Dissertation growth over time

It’s a bit misleading because my dissertation work actually started well before December 2007. I’d been writing code and publishing some initial results in early 2006, but I didn’t start merging it all into a single coherent document until late 2007. Much of the effort from then on was largely a matter of polishing code and evolving the overall narrative, which explains the remarkable growth in the summer of 2008. (It makes me look uncharacteristically productive.) My effort subsided as my defense date drew near, finally ending in March 2009 when I graduated.

StatSVN can also reveal a finer grain of activity. This one shows the number of commits by day of the week:

Dissertation activity by day of week

There’s a distinct pattern here. My productivity seems to increase closer to the weekend, peaking mysteriously on Friday. One explanation is that I started working full-time before my dissertation was complete. Another explanation is that this is a sad testament to my social life. I prefer to think it’s the former.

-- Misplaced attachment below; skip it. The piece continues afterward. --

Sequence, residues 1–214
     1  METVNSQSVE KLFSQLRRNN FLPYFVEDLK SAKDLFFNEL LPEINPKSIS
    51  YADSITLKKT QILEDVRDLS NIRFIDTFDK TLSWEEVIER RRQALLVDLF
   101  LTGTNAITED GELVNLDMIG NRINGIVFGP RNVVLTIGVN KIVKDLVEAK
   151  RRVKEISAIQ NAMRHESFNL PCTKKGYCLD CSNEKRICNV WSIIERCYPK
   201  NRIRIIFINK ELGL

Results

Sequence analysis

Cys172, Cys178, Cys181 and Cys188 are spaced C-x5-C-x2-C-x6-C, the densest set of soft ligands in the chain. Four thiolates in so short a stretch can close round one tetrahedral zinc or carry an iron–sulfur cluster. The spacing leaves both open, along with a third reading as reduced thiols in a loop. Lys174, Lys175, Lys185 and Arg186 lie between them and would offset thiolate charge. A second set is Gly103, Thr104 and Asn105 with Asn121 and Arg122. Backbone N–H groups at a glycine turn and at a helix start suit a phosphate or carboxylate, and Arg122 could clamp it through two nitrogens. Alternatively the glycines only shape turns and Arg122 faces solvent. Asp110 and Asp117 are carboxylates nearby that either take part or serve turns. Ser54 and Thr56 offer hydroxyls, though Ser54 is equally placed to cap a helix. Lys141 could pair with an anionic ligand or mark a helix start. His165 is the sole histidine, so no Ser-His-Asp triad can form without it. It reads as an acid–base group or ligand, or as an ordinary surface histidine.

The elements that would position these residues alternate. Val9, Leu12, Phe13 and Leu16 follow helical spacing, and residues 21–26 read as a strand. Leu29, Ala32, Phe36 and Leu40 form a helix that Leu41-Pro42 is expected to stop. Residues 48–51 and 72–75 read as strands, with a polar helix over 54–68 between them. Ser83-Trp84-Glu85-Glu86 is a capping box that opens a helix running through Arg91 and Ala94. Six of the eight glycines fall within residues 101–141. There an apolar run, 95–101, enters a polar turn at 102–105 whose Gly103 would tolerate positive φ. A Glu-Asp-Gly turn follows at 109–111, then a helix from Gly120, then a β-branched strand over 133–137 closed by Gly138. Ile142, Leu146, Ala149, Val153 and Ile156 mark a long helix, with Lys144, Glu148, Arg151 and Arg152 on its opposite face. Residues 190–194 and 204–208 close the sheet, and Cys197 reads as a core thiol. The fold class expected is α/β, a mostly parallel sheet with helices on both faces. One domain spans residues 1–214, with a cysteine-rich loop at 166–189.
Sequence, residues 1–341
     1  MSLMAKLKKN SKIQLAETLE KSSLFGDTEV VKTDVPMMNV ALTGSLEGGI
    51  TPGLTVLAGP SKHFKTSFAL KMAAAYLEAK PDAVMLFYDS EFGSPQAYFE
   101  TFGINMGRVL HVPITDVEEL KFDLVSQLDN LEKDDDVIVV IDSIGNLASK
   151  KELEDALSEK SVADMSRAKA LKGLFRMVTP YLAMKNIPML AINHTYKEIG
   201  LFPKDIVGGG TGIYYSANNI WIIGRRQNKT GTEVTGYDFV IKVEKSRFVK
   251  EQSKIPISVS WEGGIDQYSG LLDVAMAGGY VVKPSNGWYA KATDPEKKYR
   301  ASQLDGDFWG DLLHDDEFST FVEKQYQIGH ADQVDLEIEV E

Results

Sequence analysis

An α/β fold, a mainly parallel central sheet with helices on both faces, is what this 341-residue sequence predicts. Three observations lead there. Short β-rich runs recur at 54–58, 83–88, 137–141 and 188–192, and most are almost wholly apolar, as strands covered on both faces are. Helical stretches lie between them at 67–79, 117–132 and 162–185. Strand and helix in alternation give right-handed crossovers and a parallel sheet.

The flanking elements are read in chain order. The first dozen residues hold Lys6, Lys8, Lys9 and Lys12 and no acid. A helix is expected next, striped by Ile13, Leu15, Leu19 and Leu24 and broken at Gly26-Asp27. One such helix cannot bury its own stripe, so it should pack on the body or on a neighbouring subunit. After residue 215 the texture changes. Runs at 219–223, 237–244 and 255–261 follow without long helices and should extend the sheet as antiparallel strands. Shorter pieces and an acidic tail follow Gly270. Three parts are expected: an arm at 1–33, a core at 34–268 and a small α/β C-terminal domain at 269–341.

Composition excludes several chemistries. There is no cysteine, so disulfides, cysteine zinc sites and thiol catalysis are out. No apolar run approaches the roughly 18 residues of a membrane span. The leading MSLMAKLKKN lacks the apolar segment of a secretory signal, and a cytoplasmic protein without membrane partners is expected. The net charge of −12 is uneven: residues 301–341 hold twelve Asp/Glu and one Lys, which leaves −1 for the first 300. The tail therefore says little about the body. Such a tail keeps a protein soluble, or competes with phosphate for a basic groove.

Zooming in even closer on my daily activities, StatSVN can show Subversion commits by hour of day:

Dissertation activity by time of day

I suppose the insight here is that I become super-productive late in the evening, but I’m pretty much dead in the morning hours. If you need me to do something, don’t expect it done before lunchtime.

While these charts show progress over time, I was also curious about what exactly I ended up with. Here are some quick stats I collected about the dissertation itself:

Pages 308
Citations 286
Sentences 1468
Words 26757
Average words per sentence 18.23
Percentage of words with three or more syllables 23.31%
Average syllables per word 1.79
Gunning fog index 16.61
Flesch reading ease 36.76
Flesch-Kincaid grade 12.00

The readability statistics were collected by Juicy Studio’s Readability Test. The fogginess is at 16—pretty high but still in the expected range for an academic paper. The reading ease of 36 (on a 100-point scale) is also depressingly low, considering how much time I spent rewriting my words to make them flow and digest well. The grade level indicates that a person would need at least twelve years of schooling to understand the paper, which sounds about right.